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Figure 3. (A) shows the course of the accessory pancreatic duct in the pancreatic loop, while (B) shows the normal configuration of the pancreatic ducts (D: duodenum, P: pancreas, PD: pancreatic duct, APD: accessory pancreatic duct, and BD: bile duct).
Figure 3. (A) shows the course of the accessory pancreatic duct in the pancreatic loop, while (B) shows the normal configuration of the pancreatic ducts (D: duodenum, P: pancreas, PD: pancreatic duct, APD: accessory pancreatic duct, and BD: bile duct).
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Figure 4. This figure shows a normal pancreas, incomplete pancreas divisum, complete pancreas divisum, and absence of a duct (D: duodenum, P: pancreas, PD: pancreatic duct, APD: accessory pancreatic duct, and BD: bile duct).
Figure 4. This figure shows a normal pancreas, incomplete pancreas divisum, complete pancreas divisum, and absence of a duct (D: duodenum, P: pancreas, PD: pancreatic duct, APD: accessory pancreatic duct, and BD: bile duct).
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Figure 5. Forest plot of prevalence of PD [7,12,14,16,29,34,36,40,45,46,47,48,49,50,51,52,53,54,57,61,64,65].
Figure 5. Forest plot of prevalence of PD [7,12,14,16,29,34,36,40,45,46,47,48,49,50,51,52,53,54,57,61,64,65].
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Figure 6. Forest plot prevalence of pancreatitis in PD [43,44,46,54,55,57,62,64].
Figure 6. Forest plot prevalence of pancreatitis in PD [43,44,46,54,55,57,62,64].
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Figure 7. Forest plot prevalence of pancreas annular [11,15,24,66].
Figure 7. Forest plot prevalence of pancreas annular [11,15,24,66].
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Figure 8. Forest plot of circumportal pancreas [23,24,25,26].
Figure 8. Forest plot of circumportal pancreas [23,24,25,26].
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Figure 9. AQUA graphic.
Figure 9. AQUA graphic.
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Table 1. Characteristics studies include the following information.
Table 1. Characteristics studies include the following information.
Author(s), YearType of Study and Number of Participants (N)IncidenceStatistical ValuesGeographic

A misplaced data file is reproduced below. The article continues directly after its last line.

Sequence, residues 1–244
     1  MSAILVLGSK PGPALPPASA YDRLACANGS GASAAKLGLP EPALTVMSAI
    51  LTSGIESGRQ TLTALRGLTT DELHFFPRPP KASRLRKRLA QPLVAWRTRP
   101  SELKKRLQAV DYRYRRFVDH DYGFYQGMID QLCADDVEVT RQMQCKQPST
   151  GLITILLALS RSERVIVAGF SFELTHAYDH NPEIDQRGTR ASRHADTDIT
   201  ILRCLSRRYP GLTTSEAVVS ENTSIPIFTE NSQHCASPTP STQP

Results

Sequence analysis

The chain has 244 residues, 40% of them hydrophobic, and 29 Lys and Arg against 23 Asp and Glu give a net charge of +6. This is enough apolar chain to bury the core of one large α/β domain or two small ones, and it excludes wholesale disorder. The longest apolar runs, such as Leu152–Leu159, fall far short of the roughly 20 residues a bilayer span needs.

Addeo et al., 2019 [21]Case study, 1 patient100% circumportal pancreasNot presentedFranceFemale
Adibelli et al., 2016 [16]Retrospective study, 1158 patientsThe anatomical variation in the pancreatic duct was 55%; variations in the course of the pancreatic duct and ansa pancreatica was 37.5%; pancreas divisum of 4.7%; and 2.8% was without variants.Female–male ratio was 1.36. The proportions of type II configuration showed a value of 0.03 (IS), while the ratio of the vertical course was 0.0048 (IS).Turkey490 males (42.3%) and 668 females (57.7%)
Bang et al., 2006 [27]Retrospective study, 582 patientsThe anatomical variation of the pancreatic ductal system was
The rates of hyperamylasemia in types Cyd were significantly higher than in types A and B
(p = 0.018).
Republic of Korea325 males (55.8%) and 257 females (44.2%)
Delhaye et al., 1985 [28]Case series, 5357 patientsThe pancreas divisum was present in 5.7% of patients.Significant correlation between PD with chronic pancreatitis
(p < 0.001) and acute pancreatitis (p < 0.05).
BelgiumNot specified
Qin et al., 2019 [12]Case study, 1 patient100% incidence for portal annular pancreas.Not presentedChinaFemale
Yang et al., 2019 [13]Retrospective study, 60 patients with ERCP28 patients with AP.2 of 28 patients presented duodenal obstruction.ChinaNot specified
Zhou et al., 2022 [14]Retrospective study, 24 patients with ERCP13 patients with AP.2 patients with pancreatitis.China10 males and 14 females
Gromski et al., 2019 [15]Prospective study, 49 patients with ERCP1 patients with AP.Does not presentPolandNot specified
Halpert et al., 1990 [20]Case study, 1 patient100% incidence of bifid pancreas.Not presentedUSAFemale
Ishida et al., 2019 [2]Case study, 1 patient100% incidence of bifid pancreas.Not presentedJapanFemale
Jarrar et al., 2013 [17]Case study, 1 patient100% incidence of pancreatic ansa.Not presentedFranceMale